Self-localization of acoustic sensors is one of the most important topics of WASNs for cases when acoustic sensor nodes are deployed as components of the network without any prior knowledge of their locations. The paper “Acoustic Sensor Self-Localization: Models and Recent Results” is a review paper that covers this topic when the acoustic sensor nodes exclusively rely on acoustic signals for localization without relying on any communications among them or any other types of sensors. In particular, this paper addresses the scenario when the sensor nodes are positioned in a known environment with the prior knowledge of the probe signal and the locations of the sources, or the loudspeakers within the environment. This enables the self-localization of the sensor nodes simply by analyzing only the received acoustic signals at each node. Based on this scenario, this paper first reviews existing closed-form least squares solutions based on the measurements of the TOA or the TDOA by considering two practical issues of their measurements, namely, asynchrony and frequency mismatch between loudspeakers and the microphones. Then, this paper describes methods based on the concepts of its well-known dual problem, that is, sound source localization for the acoustic sensor localization. The paper also presents the sliding window technique, matching pursuit algorithm, and TOA selection for improving the TOA/TDOA estimates and addresses the topic of designing the probe signals such that they are inaudible and have low power for practical deployment. This review paper will serve as a good starting point for those beginning research in this field.

Smartphones sold nowadays are commonly equipped with multiple microphones and loudspeakers. In typical situations such as in meeting a room where there are multiple participants each carrying a smartphone, there may exist several of these, making them great candidates for constructing an ad hoc WASN. In order to use them as components of a WASN for joint processing of acoustic signals, it is essential to determine their locations as well as their orientations. The paper “Indoor Self-Localization and Orientation Estimation of Smartphones Using Acoustic Signals” by H. A. Sánchez-Hevia et al. addresses this topic for smartphones equipped with at least two microphones and a loudspeaker by allowing them to communicate with other smartphones and to play sound with their loudspeakers. One of the most challenging problems for self-localization is the DOA uncertainty that can be caused by various factors of a WASN. The authors addressed this problem using the genetic algorithm (GA) in order to overcome the DOA uncertainty issue and the joint estimation of the orientation in the maximum-likelihood framework. Although the GA may add significant computational burden to the system, faster and parallelized processors are expected to overcome this issue in near future.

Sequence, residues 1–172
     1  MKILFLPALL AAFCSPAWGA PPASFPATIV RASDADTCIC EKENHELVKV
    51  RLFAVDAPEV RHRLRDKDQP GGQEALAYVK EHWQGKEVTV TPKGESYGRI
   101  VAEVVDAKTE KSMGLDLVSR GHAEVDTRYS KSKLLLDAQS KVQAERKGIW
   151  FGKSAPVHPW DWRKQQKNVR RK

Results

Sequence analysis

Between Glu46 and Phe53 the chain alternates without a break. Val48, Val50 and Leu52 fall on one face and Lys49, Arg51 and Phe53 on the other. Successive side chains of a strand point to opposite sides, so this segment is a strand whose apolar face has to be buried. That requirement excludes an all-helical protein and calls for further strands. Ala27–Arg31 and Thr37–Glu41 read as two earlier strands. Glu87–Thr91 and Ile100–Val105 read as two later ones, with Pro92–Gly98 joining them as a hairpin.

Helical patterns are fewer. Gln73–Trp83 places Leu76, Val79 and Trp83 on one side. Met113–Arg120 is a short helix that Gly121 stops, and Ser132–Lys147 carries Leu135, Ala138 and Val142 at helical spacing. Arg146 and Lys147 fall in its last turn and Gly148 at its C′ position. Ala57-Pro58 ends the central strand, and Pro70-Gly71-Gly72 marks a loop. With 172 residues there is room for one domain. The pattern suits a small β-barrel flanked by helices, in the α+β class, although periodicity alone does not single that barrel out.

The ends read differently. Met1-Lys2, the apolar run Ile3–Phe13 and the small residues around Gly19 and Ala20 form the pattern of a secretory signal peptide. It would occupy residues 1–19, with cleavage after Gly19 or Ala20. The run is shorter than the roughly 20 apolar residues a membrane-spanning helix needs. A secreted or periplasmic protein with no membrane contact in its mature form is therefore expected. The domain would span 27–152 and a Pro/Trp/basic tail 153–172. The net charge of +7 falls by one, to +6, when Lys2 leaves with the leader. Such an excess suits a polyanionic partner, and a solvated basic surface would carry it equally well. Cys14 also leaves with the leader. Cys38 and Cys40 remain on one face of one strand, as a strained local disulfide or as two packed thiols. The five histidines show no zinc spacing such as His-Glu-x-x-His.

In most WASN applications, each node of the WASN consists of sensing devices, that is, one or more microphones. However, several interesting applications require each node to also include actuators, that is, loudspeakers. One such application is active noise control, where the WASN has the objective to create a zone of destructive interference in order to cancel a particular noise source by generating the appropriate sound signals. In the paper by C. Antoñanzas et al., the authors consider the problem of active noise control in Wireless Acoustic Sensor Networks and investigate several control effort strategies which are needed in order not to violate the power constraints associated with the operation of the acoustic actuators. They analyze and compare the different strategies in terms of performance, computational efficiency, and communication requirements.

Speech enhancement methods for WASNs are another topic of interest, where the exchange of audio signals between the wireless nodes is needed. Algorithms for reducing the amount of data exchange within the network are necessary from both an energy and bandwidth efficiency perspective. In the paper by F. de la Hucha Arce et al., an adaptive quantization scheme to optimize the bit depth of each exchanged signal that considers its contribution to the speech enhancement performance is discussed. A multichannel Wiener filter framework is considered, proposing a new metric for adaptive quantization based on the gradient of the minimum mean squared error (MMSE) that leads to a greedy algorithm. It is also shown that a previously proposed impact metric is a generalization of the gradient metric. The energy savings obtained through the use of the greedy adaptive quantization are discussed both in a simulated and in a real WASN setup.

Another application of WASNs is also discussed in the paper by A. Luque et al., entitled “Evaluation of the Processing Times in Anuran Sound Classification.” The paper proposes the use of WASNs for habitat monitoring, specifically for the classification of anuran songs. Their work is focused on the analysis of the processing times needed on different stages of the system, including acquisition, feature extraction, and classification. The paper considers different sets of features and classifiers, showing the trade-offs arising between classification accuracy and required processing power in this kind of WASN applications.

The works included in this special issue confirm the interest of the research community in taking advantage of the new advances in hardware and data connectivity for integrating acoustic-based technologies into a broad range of applications. The received contributions focused on important aspects such as sensor self-localization, sound recognition, speech enhancement, active noise control, or the localization of acoustic sources. In any case, it is imperative to continue progressing and putting more research efforts into many other aspects that are crucial for generalizing the use of WASNs into future sound-related applications. These include the development of methodologies for the assessment of cost-effectiveness, the availability of automatic calibration and deployment methods, the design of energy-efficient signal processing algorithms, and the appropriate management of privacy-related issues.

Maximo Cobos
Fabio Antonacci
Athanasios Mouchtaris
Bowon Lee